Over the past several months, at least 18 male state lawmakers facing allegations of sexual misconduct in a dozen states have resigned or been otherwise punished. Legislative leaders are scrambling to change what some see as a prevailing boys club ethic in state capitols.
Inspector General Michael Horowitz’s wide-ranging review of the FBI and Justice Department’s work in the politically charged Hillary Clinton email case looms as a potential landmine for Russia special counsel Robert Mueller.
The state and the city are conducting separate reviews of the violent Aug. 12 white nationalist rally. Last week, Charlottesville officials complained that the state had denied its investigator access to records. Yesterday, Virginia officials responded in kind, saying the city was not cooperating with state investigators.
Anti-fascist activists come from a variety of backgrounds and are only loosely affiliated. Some are veteran demonstrators. Others are youths in search of a cause, including one who told the Washington Post, “I wanted a purpose.”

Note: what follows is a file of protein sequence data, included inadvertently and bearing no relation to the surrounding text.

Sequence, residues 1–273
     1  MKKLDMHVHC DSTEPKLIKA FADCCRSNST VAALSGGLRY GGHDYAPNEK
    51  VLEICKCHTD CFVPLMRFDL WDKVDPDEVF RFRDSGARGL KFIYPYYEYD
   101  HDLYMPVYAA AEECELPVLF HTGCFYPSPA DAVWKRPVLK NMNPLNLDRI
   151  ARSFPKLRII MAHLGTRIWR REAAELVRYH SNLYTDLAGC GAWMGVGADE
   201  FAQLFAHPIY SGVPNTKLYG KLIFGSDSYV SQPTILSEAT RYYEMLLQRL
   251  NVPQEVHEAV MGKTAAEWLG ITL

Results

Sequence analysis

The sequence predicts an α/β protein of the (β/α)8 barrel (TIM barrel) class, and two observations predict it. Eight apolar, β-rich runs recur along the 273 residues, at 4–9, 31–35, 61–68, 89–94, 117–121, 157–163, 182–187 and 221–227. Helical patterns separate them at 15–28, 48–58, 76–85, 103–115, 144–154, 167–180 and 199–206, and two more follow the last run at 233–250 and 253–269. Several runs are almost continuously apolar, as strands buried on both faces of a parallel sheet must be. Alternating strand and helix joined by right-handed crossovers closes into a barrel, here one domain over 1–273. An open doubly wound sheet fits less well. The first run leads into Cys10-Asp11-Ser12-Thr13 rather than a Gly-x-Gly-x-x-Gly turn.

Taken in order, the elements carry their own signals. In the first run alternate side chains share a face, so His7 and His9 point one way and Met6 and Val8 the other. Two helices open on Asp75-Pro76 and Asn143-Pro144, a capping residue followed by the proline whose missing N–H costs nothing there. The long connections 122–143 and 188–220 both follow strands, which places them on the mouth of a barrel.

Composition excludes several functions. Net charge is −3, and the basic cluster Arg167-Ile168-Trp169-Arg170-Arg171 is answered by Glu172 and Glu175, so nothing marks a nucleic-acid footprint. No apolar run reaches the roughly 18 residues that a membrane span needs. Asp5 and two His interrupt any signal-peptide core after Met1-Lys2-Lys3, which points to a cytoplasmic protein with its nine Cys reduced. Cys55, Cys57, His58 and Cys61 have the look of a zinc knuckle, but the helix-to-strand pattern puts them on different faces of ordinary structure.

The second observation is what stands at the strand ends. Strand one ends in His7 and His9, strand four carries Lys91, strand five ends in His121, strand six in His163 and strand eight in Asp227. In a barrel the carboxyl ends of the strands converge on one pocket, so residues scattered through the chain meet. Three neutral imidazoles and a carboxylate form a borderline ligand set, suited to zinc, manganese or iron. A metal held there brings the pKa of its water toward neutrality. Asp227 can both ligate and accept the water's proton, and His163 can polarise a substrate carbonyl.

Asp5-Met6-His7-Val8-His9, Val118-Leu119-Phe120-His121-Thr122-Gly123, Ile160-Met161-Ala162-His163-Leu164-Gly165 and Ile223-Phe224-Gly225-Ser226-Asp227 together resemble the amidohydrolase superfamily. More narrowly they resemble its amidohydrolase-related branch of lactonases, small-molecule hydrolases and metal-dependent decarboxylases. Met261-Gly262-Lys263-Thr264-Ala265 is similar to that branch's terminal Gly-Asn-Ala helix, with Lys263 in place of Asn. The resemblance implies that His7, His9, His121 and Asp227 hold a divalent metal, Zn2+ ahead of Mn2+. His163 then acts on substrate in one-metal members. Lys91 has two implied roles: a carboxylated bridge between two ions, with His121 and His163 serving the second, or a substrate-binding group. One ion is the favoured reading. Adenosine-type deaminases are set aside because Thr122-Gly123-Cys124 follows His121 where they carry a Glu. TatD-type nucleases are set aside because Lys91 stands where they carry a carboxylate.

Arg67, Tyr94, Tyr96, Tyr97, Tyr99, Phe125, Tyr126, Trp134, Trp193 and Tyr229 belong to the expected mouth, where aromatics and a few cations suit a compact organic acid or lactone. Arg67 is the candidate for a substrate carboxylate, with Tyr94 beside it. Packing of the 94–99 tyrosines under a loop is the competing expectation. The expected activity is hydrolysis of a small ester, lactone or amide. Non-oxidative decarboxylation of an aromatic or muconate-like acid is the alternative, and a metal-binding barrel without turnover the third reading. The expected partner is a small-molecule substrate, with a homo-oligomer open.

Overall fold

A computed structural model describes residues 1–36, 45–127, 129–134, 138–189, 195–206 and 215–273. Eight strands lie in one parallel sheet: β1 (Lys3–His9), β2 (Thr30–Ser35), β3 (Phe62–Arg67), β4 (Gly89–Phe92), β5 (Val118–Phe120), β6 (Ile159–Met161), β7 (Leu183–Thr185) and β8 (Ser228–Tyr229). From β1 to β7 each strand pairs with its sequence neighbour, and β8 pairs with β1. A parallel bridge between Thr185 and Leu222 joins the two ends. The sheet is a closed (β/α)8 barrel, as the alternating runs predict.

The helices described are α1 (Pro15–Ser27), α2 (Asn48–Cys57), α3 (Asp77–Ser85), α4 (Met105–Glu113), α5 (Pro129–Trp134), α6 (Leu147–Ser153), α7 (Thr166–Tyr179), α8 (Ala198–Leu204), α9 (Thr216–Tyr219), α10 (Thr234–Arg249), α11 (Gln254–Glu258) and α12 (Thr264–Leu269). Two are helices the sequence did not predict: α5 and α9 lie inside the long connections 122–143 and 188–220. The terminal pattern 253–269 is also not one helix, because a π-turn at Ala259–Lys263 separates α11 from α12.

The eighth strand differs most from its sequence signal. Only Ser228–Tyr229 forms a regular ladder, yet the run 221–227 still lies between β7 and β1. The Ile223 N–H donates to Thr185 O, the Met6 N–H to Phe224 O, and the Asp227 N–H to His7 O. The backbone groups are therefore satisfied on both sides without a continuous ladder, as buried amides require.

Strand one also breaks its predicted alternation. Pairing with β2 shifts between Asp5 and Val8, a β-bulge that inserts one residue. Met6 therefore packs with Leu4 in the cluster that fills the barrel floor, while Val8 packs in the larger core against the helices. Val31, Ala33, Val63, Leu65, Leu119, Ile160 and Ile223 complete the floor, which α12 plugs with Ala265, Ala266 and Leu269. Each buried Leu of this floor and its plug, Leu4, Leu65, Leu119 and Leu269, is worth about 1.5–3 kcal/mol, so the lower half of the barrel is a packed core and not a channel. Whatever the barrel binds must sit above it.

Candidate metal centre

Milwaukee County Sheriff David A. Clarke Jr. was a controversial figure who rose to national prominence with his no-holds-barred conservative rhetoric and full-throated support of Donald Trump’s candidacy. He resigned without notice “to pursue other opportunities.”
Trump, suffering from low approval ratings, has been eager to seize the moment by engaging with the disastrous damage caused by Hurricane Harvey. But will he manage to master the delicate politics of natural disasters, which proved to be a Waterloo for the George W. Bush presidency during Hurricane Katrina?
His pardon of ex-sheriff Joe Arpaio again shows that Trump has a malleable view of the rule of law when it comes to the police and his own allies. Arpaio says, “I really believe in his heart that he likes what I did and he believes I got the raw deal.”